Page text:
Saturday, May 06, 2006 | The San Diego city government’s current ethics enforcement arm is seeking to be lengthened at the same time Mayor Jerry Sanders is aiming to build a new Office of Ethics and Integrity, causing some city leaders to scratch their heads wondering how much the cash-strapped city should spend on a subject that has plagued it in recent years.
The City Council on Friday heard budget requests for the upcoming year from both the Ethics Commission – whose representatives said they need more staff members to investigate and prevent ethics infractions – and the new Office of Ethics and Integrity, which is fighting to avoid the budget axe of a skeptical council that is seeking money for other programs.
Another ethics-oriented program, the public integrity unit of the City Attorney’s Office, will present its budget at a May 15 council meeting.
Council members are grappling with the roles each agency proposes to play at City Hall. The council is trying to balance the need for preventing ethical lapses within a government that is currently under investigation for questionable financial practices, while also trying to secure money in an already-thin budget for more police protection, a retiree health care fund, graffiti removal and new fire stations.
“I’m not saying the mission of these offices is not appropriate, I’m just not sure if it’s cost-efficient,” said Councilman Tony Young, whose comments during the budget hearing reflected his desire to spend more on police officers and recreation programs.
The Ethics Commission was established in 2001 as one of the 10 goals former Mayor Dick Murphy set for the city when he initially took office. The commission, which is supposed to operate outside of the purview of the city bureaucracy, provides mandatory ethics training for elected officials and their staffs, department heads and persons who sit on city boards and commissions.
With a staff of six, the Ethics Commission’s size pales in comparison with those in other major cities. Stacy Fulhorst, the commission’s executive director, asked the council Friday for an extra $202,000, mostly to pay for an additional investigator and a training officer.
“These two positions are not going to put us in a position to be comparable with other ethics commissions,” she said. However, a funding boost would be a tremendous relief to an overburdened staff, he said.
The commission’s budget, which Sanders’ proposal sets at $535,000 for the coming year, is not enough to handle all of the complaints that agency receives, Fulhorst said. After launching 75 investigations this year, the commission was unable to dig into another 25 complaints that were filed last year, she said.
“With the load we have, we’re starting to have trouble completing investigations within a year of the complaint,” she said.
The mayor’s budget reflects a $135,000 cut in the Ethics Commission’s budget from last year. The Mayor’s Office has said that was a mistake and the funding will be restored, but has not said where the $135,000 will come from.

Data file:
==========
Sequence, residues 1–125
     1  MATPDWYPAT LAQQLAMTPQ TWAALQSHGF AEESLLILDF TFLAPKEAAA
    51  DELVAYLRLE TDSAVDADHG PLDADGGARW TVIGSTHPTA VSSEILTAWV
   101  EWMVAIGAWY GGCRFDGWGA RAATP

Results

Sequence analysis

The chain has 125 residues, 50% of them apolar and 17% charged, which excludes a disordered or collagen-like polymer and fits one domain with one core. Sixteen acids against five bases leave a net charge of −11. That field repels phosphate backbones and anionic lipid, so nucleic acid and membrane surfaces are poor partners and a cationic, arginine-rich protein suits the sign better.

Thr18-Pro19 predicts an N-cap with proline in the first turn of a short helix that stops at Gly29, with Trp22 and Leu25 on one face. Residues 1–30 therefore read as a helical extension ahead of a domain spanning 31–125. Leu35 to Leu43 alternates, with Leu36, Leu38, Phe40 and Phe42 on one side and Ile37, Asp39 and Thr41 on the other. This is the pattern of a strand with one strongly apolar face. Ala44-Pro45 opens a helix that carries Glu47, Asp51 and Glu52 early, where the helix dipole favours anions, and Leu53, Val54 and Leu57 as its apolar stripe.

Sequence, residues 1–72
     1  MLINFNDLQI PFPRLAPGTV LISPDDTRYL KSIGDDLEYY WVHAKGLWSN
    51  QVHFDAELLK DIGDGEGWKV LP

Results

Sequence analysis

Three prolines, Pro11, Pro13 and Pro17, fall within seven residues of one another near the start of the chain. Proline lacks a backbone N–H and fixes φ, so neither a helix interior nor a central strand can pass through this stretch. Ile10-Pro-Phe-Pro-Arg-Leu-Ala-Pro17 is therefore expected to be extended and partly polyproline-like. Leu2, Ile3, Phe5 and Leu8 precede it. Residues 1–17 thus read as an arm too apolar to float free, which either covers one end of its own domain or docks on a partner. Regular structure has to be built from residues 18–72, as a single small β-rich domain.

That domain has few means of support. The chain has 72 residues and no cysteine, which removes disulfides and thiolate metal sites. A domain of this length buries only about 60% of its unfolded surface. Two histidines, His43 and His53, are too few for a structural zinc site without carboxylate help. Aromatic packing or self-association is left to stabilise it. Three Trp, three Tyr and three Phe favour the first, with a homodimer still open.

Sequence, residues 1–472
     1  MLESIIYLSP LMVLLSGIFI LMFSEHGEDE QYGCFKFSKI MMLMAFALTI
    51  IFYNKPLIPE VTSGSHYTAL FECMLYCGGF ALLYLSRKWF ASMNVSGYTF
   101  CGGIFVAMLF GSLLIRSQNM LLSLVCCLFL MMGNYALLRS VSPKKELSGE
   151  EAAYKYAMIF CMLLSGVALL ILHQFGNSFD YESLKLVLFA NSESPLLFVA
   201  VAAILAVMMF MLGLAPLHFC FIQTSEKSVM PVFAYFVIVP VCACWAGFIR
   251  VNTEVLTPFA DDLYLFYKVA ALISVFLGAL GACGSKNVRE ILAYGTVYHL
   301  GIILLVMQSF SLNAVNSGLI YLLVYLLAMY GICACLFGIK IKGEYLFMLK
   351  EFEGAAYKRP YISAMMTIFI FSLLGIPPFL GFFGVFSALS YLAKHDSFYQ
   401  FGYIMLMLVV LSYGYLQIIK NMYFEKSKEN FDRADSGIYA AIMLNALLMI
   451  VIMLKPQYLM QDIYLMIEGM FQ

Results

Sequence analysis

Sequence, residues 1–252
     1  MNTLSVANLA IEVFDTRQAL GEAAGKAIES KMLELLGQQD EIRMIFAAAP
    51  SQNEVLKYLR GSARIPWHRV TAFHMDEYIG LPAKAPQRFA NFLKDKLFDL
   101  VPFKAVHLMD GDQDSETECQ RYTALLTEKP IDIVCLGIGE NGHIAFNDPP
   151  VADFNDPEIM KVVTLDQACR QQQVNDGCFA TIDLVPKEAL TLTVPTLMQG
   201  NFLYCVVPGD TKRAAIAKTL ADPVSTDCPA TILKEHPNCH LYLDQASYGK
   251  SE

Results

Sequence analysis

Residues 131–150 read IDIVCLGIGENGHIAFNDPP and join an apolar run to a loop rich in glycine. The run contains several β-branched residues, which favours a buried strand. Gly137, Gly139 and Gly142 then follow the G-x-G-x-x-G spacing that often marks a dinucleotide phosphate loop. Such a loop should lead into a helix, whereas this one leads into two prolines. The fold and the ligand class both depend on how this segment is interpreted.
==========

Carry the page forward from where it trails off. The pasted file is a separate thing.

Several council members wanted a better understanding of how the existing Ethics Commission stacked up against one of Sanders’ hallmark changes to the city structure he now sees, the Office of Ethics and Integrity.
“It’s absolutely apples and oranges,” Fulhorst said. “It’s not feasible for one of us to do the work of the other.”
Jo Anne SawyerKnoll, who heads the Office of Ethics and Integrity, told the council that her office will be more about training rank-and-file employees about conflicts of interest and discrimination, collecting tips about abuse or waste through a third-party telephone hotline, and conducting an audit to measure how ethical the organization’s practices are.
Sanders aide Jeff Gattas said the mayor saw the new office as “an important element to restructuring the city.” The mayor has dedicated about $1.5 million to the nine-person office, which opened in February.
In addition to the council’s questions about the office’s usefulness, at least one labor leader has sounded off that the new office would change the working conditions for employees by requiring surveys, a code of conduct and mandatory ethics training.
The city would have to open up proper negotiations before the office launched those programs, white-collar union president Judie Italiano said.
SawyerKnoll said she was aware that some sort of meet-and-confer hearings would have to be hammered out in the future, but was not specific.
City Attorney Mike Aguirre said that he doesn’t think his office’s public integrity unit will be cut, despite hints by some of his political foes on the council to pay extra scrutiny to Aguirre’s budget.
“There is a requirement to investigate and prosecute Political Reform Act laws,” Aguirre said.
The council is required to pass a budget by June 30, but will likely approve a spending plan by the end of the month. Council members thanked the ethics agencies for their presentations, but said they still have questions about their necessity in light of the other programs they want to fund.
Ethics “is something that’s needed, but I also feel that way about police fire and cultural arts programs,” Councilman Ben Hueso said.
– Staff writer Andrew Donohue contributed to this report.
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